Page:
A near-coincidence between the electromagnetic fine structure constant (about 1/137) and the positronium (electron-positron bound state) / pion mass ratio (about 1/135) has been noticed in the context of some physics models (including but not necessarily limited to that of Ernest J. Sternglass). In the context of the D4-D5-E6-E7-E8 VoDou Physics model, I have the following view of the physics of that near-coincidence:
e --- p separated, distinct pair sum of masses = 0.5 + 0.5 = 1.0 MeV exchange virtual bosons (photons) with probability 1/137 u --- ubar separated, distinct pair sum of constituent masses = 612 + 612 = 1224 MeV exchange virtual bosons (gluons) with probability 0.6 u ubar merged as sine-Gordon doublet breather pion merge until they exchange virtual bosons (gluons) with probability 1 since probability 1 (for merged pion) is 137 times probability 1/137 (for positronium) at full pion level of merger, pion mass is about 137 x e-p = 137 MeV
For the sine-Gordon doublet, an approach similar to the WKB formula for the hydrogen atom, called by Coleman the DHN formula for its originators Dashen, Hasslacher, and Neveu, may be an exact formula for the doublet energy levels.
Assuming that j /m^2 = pi, the DHN formula gives
m(pion) = 2 Msol(quark) sin((j/m^2)/16(1-(j /m^2)/8pi)) = = 2 Msol(quark) sin(pi/14).
Then, since in the D4-D5-E6 model Msol(quark) = 312.8 Mev, m(pion) = 625.6 sin(pi/14) = 139.2 Mev.
That is closer to the experimental value m(pion) = 139.57 Mev.
Sine-Gordon and Massive Thirring equations: In section 7.3, Rajaraman, uses the approach of Mandelstam to start with the sine-Gordon operator f to construct the operator P of the massive Thirring equation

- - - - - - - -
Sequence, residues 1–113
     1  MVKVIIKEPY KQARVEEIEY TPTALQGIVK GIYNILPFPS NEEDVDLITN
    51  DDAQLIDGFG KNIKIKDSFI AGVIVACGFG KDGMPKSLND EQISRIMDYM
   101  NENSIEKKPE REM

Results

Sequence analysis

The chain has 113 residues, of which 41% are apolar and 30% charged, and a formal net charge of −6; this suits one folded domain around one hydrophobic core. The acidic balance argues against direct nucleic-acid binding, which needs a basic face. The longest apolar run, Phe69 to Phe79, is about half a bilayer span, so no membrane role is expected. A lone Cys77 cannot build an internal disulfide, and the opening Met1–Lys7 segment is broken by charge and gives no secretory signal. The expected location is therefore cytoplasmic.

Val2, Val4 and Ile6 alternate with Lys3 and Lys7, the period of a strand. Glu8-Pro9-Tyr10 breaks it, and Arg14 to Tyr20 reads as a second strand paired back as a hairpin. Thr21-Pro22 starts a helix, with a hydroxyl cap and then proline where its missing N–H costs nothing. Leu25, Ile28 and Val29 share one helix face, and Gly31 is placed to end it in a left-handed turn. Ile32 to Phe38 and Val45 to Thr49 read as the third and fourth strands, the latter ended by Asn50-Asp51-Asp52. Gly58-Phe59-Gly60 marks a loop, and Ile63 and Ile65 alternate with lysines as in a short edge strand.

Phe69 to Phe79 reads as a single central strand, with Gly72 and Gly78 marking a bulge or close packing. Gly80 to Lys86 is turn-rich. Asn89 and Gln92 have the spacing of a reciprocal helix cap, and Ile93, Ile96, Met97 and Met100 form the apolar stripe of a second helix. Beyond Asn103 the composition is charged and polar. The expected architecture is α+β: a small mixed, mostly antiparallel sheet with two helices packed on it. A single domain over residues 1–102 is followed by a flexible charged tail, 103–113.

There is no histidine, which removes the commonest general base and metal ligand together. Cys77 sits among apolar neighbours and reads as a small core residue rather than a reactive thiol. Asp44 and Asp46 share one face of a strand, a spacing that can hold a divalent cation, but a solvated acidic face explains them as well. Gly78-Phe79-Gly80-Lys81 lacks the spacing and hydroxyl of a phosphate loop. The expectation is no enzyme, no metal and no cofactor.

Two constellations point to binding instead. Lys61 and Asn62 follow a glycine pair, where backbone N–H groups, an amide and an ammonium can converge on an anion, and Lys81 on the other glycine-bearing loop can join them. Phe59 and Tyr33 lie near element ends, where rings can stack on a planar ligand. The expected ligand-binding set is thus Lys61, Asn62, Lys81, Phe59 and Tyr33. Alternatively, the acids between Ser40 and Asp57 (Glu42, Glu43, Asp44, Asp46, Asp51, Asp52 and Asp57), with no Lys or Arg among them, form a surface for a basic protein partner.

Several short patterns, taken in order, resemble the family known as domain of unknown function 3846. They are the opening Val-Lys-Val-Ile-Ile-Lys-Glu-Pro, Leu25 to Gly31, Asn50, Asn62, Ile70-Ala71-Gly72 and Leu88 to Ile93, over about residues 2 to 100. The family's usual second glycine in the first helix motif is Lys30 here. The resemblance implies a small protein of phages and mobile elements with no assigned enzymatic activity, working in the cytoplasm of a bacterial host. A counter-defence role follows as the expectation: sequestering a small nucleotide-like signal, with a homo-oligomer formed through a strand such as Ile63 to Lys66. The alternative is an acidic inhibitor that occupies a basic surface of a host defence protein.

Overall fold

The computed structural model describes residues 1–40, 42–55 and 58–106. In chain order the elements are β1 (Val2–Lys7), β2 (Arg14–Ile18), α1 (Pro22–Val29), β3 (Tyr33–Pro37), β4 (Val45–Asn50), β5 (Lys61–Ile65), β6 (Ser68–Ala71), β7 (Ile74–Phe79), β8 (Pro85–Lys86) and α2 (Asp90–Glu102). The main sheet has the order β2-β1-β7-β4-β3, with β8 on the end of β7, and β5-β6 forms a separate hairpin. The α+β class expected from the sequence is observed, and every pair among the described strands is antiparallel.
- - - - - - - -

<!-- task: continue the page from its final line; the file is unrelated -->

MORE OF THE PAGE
L = iP d P - mF PP - (1/2)g(PP ) (PP ),
where mo^2(m^2/ j)cos((sqrt j/m)f) = - mFPP ,
j/4pi m^2 = 1/(1 + g/pi), and
-(sqrt j/2pi m) e(mnop) f = PP .
As discussed by Coleman as well as Rajaraman, the massive Thirring model in P describes a massive fermion-antifermion pair in one space dimension and is equivalent to the sine-Gordon equation in f.
Given f , the two-component Fermi field P in 1+1 dimensions is defined by P1(x) = C1 exp(A1(x)) and P2(x) = C2 exp(A2(x)) , where
A1(x) = (-2 pi i m / sqrt j)(Int[-oo,x] f(x') - (i sqrt j / 2m) f(x)
A2(x) = (-2 pi i m / sqrt j)(Int[-oo,x] f(x') + (i sqrt j / 2m) f(x)
Then there is the commutation relation
[f(y),y(x)] = (2pi m / sqrt j) q(x-y) y(x) , where q(x-y) is the step function.
The operator y(x) raises the value of the field j by 2ım / ÷l to the left of x and leaves it unchanged to the right of x.
The operator y(x) reduces the soliton state [f(oo) - f(-oo)] = 2ım / ÷l to the vacuum state [j(oo) - j(-oo)] = 0 .
If, according to the main assumption of this section, j/m^2 = pi, then the soliton state f(oo) = - f(-oo) = sqrt pi ,
For j/m^2 = pi the first coefficient of A1 and A2 is -i2 sqrt pi and the second coefficient is ±(i sqrt pi)/2 . Then A1(oo) - A2(oo) = -i pi.